The 3 skin care items you really need
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With each passing decade, our skin shows some of the most visible changes that come with aging. It tends to become drier, less elastic and more spotted as we age. What's more, the effects of fat loss and facial bone thinning cause skin to sag.
"After age 30, we lose 10 percent per decade in the middle layer of the skin called the dermis," explains Donna Tepper, M.D., FACS, a plastic and reconstructive surgeon at Henry Ford Hospital. "We lose strength in the dermis and the supporting structure of the skin." More concerning than just the appearance of skin, you may begin noticing rough, scaly patches called actinic keratoses (AKs). These scaly spots are more than a cosmetic concern; they're often precursors to cancer.
Of course, the skin care industry is happy to step in, offering countless products that promise to obliterate unsightly blemishes, make you look like an airbrushed ad-campaign beauty and protect your skin from the sun's harmful rays. Trouble is, whether you opt for a $5 drug store product or spend a small fortune at an upscale department store, the sheer volume of options can be paralyzing.
While you may not be able to turn back the clock, it's true that you can combat some of the skin changes that come with age. Here are Dr. Tepper's three must-have items (plus a bonus tip) to help you preserve and protect the skin you're in:
- Sunscreen – Sun exposure causes up to 90 percent of skin damage, including wrinkles, fine lines, age spots and cancer. To minimize the toll, Dr. Tepper recommends applying at least a teaspoon of broad-spectrum sunscreen (SPF 30 or higher) every day — even when you don't plan to be outside. Sunscreen in makeup or moisturizers often does not provide the adequate protection that comes with a separately applied sunscreen product.
- Antioxidants – Antioxidants are natural compounds that help neutralize rogue chemicals in our bodies called free radicals. While these chemicals occur naturally, they attack the fats, protein and DNA in our cells, which can accelerate the aging process. Antioxidants, including vitamins C and E, act as free radical "scavengers," preventing and repairing free radical damage while improving skin tone and increasing collagen production. "Many antioxidants are unstable in a serum solution and as such are suspended in a lotion for stability," Dr. Tepper says. "Products sold through a physician's office have the needed potency for maximal benefit." There's a bonus, too: Your skin is much better equipped to absorb vitamin C than your digestive tract.
- Tretinoin or Retinoic Acid (Retin A) — Decades of research support using retinoids (derivatives of Vitamin A) to minimize skin imperfections ranging from wrinkles and fine lines to sagging and age spots. The most effective formulations require a prescription, and redness and peeling is a common side effect, so speak with your skin care specialist, Dr. Tepper advises. "I usually tell patients to start slow, applying a small amount every other night and gradually increasing to nightly application," she says. Do not use products containing retinol or Retin-A if you are pregnant or breastfeeding.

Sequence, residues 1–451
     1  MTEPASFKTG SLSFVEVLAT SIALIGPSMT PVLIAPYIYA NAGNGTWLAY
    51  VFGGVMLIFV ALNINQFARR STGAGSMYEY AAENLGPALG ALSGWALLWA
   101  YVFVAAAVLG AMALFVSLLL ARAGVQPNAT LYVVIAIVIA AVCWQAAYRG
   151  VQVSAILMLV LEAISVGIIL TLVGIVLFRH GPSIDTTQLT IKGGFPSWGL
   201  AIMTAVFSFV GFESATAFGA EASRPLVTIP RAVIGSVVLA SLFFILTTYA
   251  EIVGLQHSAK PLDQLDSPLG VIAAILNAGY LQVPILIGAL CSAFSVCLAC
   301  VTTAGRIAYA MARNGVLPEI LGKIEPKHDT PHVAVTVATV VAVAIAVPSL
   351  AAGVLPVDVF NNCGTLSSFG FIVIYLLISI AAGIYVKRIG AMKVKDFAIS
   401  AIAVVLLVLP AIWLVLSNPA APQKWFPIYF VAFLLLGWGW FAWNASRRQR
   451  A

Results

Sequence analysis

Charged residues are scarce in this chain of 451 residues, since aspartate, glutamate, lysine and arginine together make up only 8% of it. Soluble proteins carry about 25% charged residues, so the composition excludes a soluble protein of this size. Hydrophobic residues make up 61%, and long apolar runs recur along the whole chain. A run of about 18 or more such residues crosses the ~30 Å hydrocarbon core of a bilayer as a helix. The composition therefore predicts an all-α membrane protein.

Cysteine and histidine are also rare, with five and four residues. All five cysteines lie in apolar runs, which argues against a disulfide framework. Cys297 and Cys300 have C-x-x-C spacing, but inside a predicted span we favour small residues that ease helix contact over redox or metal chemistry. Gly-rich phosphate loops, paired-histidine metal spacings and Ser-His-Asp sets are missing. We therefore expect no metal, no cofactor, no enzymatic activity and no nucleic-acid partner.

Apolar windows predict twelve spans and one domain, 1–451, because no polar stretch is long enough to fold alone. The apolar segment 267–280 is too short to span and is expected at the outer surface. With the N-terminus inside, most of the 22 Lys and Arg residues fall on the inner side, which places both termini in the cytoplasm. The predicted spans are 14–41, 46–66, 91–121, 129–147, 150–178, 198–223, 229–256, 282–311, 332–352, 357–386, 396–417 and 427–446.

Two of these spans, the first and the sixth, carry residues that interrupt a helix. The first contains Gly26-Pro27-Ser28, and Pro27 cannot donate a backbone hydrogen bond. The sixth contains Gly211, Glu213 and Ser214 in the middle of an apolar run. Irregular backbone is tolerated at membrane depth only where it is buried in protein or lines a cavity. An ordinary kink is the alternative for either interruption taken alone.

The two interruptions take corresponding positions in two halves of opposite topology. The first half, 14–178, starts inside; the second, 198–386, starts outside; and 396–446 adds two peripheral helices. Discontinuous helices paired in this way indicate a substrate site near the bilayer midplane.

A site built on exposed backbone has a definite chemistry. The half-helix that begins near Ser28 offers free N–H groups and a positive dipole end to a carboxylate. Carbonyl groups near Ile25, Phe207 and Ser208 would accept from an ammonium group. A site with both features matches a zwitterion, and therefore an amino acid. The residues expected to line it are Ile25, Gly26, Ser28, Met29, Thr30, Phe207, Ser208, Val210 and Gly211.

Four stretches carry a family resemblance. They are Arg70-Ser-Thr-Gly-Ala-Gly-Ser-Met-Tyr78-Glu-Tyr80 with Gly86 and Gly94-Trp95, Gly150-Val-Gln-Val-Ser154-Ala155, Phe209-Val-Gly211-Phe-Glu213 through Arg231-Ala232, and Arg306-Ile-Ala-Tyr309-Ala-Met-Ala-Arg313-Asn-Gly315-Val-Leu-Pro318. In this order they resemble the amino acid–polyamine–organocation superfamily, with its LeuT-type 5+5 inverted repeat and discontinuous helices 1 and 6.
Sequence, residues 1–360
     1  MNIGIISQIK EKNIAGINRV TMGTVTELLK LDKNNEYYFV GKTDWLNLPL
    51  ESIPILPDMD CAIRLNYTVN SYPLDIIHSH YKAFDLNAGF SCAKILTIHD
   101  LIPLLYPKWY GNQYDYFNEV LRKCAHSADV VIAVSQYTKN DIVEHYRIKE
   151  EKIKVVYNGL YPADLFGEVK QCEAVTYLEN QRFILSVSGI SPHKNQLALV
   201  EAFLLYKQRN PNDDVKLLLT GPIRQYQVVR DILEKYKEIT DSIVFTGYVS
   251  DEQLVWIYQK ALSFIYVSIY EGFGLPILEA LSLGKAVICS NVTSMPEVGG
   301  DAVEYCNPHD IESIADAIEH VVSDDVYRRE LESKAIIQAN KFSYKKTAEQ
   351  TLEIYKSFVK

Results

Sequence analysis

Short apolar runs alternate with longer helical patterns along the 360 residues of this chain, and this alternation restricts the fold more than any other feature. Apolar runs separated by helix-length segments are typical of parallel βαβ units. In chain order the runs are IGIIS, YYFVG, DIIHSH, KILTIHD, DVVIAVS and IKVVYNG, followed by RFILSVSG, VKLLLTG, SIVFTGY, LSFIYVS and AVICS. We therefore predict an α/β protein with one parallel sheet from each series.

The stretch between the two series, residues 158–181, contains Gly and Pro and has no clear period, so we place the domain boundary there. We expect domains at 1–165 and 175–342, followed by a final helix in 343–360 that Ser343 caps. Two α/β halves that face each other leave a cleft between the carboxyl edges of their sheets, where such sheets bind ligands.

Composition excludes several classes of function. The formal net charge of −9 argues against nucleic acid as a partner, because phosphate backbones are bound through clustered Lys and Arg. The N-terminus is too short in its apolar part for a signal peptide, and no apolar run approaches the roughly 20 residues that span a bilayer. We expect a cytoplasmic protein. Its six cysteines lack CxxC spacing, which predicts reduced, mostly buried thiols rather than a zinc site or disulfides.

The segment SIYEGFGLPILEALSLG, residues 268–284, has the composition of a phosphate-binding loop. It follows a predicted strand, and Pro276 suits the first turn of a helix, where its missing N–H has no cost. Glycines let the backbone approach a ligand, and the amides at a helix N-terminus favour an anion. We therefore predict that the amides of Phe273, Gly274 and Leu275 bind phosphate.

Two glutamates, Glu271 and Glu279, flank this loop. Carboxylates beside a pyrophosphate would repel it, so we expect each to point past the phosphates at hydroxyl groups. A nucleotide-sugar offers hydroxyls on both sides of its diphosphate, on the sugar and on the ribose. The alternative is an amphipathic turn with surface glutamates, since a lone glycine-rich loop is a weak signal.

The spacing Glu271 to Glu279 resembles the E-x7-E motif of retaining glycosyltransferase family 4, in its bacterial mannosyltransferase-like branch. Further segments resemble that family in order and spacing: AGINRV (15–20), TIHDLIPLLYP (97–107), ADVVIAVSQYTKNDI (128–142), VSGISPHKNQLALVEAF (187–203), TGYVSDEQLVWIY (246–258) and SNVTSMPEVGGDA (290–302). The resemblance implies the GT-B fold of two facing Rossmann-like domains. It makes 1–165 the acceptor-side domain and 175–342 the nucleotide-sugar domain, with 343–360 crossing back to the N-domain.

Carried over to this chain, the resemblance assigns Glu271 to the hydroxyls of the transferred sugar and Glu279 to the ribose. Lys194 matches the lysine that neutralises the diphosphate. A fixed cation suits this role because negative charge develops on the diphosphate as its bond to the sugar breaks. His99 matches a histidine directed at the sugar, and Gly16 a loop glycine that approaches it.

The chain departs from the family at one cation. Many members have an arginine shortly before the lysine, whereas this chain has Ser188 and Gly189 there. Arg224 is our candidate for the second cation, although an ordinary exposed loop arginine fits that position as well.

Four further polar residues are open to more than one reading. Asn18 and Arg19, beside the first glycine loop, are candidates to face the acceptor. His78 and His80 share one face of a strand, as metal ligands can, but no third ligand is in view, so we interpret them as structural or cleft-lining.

Besides these three essentials, Dr. Tepper also recommends a bonus product — alpha hydroxyl acids (AHAs). Your skin cells are constantly regenerating, even in your senior years. Products containing natural exfoliators like AHAs encourage the regeneration process, helping slough away dead skin cells, clear up acne and stimulate collagen production. AHAs also help brighten the skin and diminish the dull, sallow appearance that sometimes comes with aging. Choose an emollient cream for dry skin, a lotion for moderately oily skin and an alcohol-based product for oil-prone skin.
Even the best products can't guarantee safety from skin lesions, cancer or age-related changes. Be aware of blemishes that don't heal, bumps that bleed easily and rough, scaly patches, Dr. Tepper cautions. These may turn into cancer but are easily treated if caught early. Also, pay attention to the A-B-C-D warning signs of melanoma in your skin's freckles, moles or spots: A for asymmetrical, B for irregular borders, C for abnormal color and D for diameter (larger than a pencil eraser). "These skin changes need to be checked out by a doctor," Dr. Tepper says.
Dr. Donna Tepper is a Senior Staff Plastic and Reconstructive Surgeon with Henry Ford Health System, who sees patients at Henry Ford Hospital in Detroit and at Henry Ford Medical Centers in Dearborn, Grosse Pointe Farms and Novi.
To make an appointment with a skin care professional, call 1-800-HENRYFORD (436-7936) or visit henryford.com.
This story is provided and presented by our sponsor Henry Ford Health System.
Members of the editorial and news staff of The Detroit News were not involved in the creation of this content.